|Maria Thaker - Invasions
William Smith College, Geneva, NY
|Having recently graduated
from William Smith College, my internship in the Invasions Ecology Lab was
an interesting way to explore my interests. The first two months of my
time at SERC was spent traveling to coastal field sites in Florida,
Virginia, and New Hampshire, while working on a national fouling survey.
This project aims to measure the patterns and variation of nonindigenous
species invasion across several sites, thus I spent many hours identifying
marine invertebrates and learning about population structures of fouling
After working on the survey, I chose to conduct my own project exploring the aggressive interaction between blue crabs (Callinectes sapidus) and European green crabs (Carcinus maenas). European green crabs successfully invaded the east coast of the U.S about 200 years ago and have recently been observed on the west coast in the last decade. As effective invaders, green crabs pose a threat to native crustaceans, shorebirds and other organisms that have overlapping niches with this species. While the general interest is to determine the direct and indirect effects of green crabs on the ecosystem, I specifically focused on the behavioral interaction of the invasive species (Carcinus maenas) and the native species of crab (Callinectes sapidus). Through laboratory experiments, I studied the effects of hunger and relative size on the foraging and predatory success of these species when exposed to each other.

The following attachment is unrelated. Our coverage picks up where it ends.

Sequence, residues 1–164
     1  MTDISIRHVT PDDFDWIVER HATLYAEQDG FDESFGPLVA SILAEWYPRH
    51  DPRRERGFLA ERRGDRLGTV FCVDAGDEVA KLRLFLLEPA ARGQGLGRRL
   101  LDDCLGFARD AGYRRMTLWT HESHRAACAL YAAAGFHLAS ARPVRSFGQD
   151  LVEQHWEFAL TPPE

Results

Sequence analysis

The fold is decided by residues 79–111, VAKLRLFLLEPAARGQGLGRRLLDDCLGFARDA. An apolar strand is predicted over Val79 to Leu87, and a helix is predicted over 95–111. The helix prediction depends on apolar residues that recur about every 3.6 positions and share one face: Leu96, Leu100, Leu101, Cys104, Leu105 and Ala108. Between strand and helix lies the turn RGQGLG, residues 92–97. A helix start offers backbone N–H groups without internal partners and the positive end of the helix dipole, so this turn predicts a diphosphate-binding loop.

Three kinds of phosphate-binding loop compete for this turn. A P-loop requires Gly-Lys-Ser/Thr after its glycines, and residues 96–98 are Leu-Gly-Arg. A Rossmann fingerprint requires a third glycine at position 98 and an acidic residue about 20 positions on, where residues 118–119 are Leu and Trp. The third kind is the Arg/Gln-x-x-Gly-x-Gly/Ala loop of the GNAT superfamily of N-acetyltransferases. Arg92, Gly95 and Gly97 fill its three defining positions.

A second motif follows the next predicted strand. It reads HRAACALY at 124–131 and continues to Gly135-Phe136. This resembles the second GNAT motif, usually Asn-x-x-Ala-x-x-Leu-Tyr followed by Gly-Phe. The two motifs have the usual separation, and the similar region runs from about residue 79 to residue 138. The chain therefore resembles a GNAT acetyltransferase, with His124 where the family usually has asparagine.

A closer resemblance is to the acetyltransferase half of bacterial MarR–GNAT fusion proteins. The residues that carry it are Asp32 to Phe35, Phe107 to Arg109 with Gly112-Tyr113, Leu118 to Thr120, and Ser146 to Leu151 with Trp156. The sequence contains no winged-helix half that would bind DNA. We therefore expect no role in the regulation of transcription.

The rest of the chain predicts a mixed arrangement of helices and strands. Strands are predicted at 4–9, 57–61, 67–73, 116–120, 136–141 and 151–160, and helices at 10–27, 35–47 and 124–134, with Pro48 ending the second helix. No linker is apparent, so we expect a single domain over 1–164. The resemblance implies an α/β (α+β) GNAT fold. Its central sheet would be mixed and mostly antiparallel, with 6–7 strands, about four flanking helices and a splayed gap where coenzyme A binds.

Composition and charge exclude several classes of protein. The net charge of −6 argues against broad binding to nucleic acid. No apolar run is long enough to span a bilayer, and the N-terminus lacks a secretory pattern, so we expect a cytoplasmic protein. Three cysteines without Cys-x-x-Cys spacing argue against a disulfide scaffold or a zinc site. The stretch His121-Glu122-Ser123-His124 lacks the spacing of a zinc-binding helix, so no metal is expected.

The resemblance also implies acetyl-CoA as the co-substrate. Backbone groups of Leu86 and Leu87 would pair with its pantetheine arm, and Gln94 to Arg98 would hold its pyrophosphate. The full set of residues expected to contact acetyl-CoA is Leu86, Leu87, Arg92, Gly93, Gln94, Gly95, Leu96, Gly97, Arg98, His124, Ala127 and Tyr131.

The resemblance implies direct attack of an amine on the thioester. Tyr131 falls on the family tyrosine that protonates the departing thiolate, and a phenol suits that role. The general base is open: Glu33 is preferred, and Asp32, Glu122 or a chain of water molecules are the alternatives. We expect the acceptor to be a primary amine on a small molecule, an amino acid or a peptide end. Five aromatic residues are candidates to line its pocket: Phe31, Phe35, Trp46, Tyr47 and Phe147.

My experience at SERC not only taught me about invasions ecology and unfamiliar fouling ecosystems, but also allowed me to extend my interest in behavioral ecology towards an independent research.
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